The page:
Recruit the best and offer the best
A strong team is something franchisees will have to consider investing in to guide the business down the road to success.
Youlios recalled hiring his first employee Isaacson, then 16, when staffing the Saugus location in 2008. Over time, she set her mind to eventually become a franchisee for Jersey Mike’s herself. Youlios supported her goal to which she went on to become the owner of the Valencia location — the sixth’s store — while Youlios stayed as a minority partner. What started as a side job for Isaacson led to a well-established business partnership.
Top customer service also plays a significant role in running a successful franchise, something Youlios and the Taylor family, who own multiple Del Tacos across the SCV, both agree on.
For 48 years, Randy Taylor had owned the Del Taco location on Bouquet Canyon, but after retiring, his son Travis and his family took over. The family also owns locations on The Old Road and most recently the Pico Canyon Road. Their focus since becoming franchisees is to improve the quality of customer service.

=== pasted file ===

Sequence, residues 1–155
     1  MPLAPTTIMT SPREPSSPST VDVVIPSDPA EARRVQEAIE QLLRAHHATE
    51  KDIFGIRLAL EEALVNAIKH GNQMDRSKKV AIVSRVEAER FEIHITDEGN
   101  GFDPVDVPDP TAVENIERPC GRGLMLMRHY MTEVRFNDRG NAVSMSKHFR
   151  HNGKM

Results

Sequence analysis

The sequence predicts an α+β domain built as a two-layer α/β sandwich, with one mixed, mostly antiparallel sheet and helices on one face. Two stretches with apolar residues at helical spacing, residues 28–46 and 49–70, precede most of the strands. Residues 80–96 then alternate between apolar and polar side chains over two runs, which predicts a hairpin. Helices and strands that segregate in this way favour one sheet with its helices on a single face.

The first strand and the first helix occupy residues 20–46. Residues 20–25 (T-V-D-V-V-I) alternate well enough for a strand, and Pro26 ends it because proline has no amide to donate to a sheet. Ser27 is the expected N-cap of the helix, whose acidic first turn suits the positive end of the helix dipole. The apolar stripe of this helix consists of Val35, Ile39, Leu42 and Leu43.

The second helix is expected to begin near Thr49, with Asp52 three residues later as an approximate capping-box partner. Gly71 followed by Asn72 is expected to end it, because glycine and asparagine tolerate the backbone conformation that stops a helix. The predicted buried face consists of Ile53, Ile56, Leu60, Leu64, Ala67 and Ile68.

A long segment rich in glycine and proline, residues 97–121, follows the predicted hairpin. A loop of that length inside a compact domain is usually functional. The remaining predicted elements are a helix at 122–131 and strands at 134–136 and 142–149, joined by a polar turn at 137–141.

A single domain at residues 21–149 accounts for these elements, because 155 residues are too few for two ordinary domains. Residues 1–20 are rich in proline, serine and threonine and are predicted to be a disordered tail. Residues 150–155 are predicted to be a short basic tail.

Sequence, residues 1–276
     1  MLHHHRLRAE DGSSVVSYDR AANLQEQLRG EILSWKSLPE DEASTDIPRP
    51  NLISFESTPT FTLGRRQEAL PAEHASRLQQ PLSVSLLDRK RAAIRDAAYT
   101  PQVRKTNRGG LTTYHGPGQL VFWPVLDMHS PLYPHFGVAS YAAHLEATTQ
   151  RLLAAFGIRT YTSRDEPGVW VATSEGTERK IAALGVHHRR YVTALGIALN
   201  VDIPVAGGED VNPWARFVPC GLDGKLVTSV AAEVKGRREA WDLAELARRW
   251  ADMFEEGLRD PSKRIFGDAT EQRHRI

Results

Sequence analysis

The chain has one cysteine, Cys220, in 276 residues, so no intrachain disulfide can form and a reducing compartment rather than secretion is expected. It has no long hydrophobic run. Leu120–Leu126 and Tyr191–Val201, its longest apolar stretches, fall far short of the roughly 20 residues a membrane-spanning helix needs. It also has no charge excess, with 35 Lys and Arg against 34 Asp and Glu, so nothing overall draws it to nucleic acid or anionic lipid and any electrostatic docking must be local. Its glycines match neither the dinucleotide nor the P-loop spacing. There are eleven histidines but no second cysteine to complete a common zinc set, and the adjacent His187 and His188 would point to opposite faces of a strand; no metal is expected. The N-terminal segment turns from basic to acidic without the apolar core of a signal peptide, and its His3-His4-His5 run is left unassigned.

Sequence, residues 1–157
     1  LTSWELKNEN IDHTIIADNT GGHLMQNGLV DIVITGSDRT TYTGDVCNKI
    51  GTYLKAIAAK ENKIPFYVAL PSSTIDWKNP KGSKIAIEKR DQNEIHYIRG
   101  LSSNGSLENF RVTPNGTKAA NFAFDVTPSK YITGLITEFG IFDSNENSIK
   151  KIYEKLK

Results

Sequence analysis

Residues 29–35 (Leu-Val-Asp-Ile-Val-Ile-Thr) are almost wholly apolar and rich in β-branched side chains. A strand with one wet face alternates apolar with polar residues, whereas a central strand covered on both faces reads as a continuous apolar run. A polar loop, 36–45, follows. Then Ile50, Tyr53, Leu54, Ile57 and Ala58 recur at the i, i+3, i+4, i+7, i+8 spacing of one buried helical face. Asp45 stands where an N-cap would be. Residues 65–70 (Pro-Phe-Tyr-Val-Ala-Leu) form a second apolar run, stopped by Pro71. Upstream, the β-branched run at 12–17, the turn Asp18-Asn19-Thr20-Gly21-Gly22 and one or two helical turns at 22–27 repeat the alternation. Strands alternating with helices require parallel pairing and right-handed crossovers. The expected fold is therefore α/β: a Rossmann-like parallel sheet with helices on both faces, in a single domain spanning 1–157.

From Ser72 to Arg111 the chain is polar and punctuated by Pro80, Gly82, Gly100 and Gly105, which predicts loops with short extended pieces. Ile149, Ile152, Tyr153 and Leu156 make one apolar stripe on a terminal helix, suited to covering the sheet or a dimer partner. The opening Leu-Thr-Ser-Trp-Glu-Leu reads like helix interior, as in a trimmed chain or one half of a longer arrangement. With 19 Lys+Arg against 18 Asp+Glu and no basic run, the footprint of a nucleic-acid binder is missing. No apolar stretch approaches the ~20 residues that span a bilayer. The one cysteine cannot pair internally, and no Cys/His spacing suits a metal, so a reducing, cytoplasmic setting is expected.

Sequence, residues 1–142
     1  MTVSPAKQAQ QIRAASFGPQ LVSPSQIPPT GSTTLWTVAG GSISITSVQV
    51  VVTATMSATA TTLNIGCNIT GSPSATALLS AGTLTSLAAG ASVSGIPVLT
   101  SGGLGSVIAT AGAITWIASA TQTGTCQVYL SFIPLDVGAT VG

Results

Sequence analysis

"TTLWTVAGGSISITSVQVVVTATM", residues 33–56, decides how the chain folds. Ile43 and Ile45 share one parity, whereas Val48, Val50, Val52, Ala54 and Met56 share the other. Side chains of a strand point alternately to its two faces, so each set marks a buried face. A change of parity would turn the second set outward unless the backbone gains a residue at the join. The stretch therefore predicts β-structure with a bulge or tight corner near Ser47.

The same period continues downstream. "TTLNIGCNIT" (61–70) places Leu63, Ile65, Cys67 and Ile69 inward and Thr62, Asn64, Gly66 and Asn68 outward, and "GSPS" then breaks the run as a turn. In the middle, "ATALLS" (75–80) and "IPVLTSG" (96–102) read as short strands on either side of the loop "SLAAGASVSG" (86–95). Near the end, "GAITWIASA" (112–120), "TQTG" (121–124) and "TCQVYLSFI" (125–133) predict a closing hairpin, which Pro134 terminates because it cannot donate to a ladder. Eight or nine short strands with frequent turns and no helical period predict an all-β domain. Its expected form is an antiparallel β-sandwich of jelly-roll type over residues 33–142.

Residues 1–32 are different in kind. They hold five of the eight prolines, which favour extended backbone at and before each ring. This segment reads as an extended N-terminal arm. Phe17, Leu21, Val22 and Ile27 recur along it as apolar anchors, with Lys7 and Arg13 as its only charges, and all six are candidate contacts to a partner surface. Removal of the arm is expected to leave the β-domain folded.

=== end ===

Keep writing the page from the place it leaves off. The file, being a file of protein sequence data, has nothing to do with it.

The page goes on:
“We’re a family owned and operated business even though it still has the name,” said Travis. “We give the people the food they want with the service they deserve. We’ve added more employees and improved our service, which allows us to offer fresh food in a timely manner and a cleaner environment for our customers.”
Give back to the community
Customers appreciate businesses that support their community, the association said. While that helps the business grow, Youlios said his franchise is used as a tool to help those who live in the SCV.
“It’s so much more of an opportunity for us to get involved in our community, it’s not just all business,” he said. Jersey Mike’s locations in the SCV are known for giving back to the local school districts as well as its month of giving in March, where the stores raise funds for charity. Stores across the Los Angeles region also collect donations for the Cancer for College organization. Across 100 stores, $1 million were raised and the SCV community was one of the biggest contributors, which raised more than $45,000, Youlios said.
“This shows the kind of culture and encouragement we have for our community,” he added. “We are looking to expand within the Santa Clarita Valley and will continue to give back to the community.”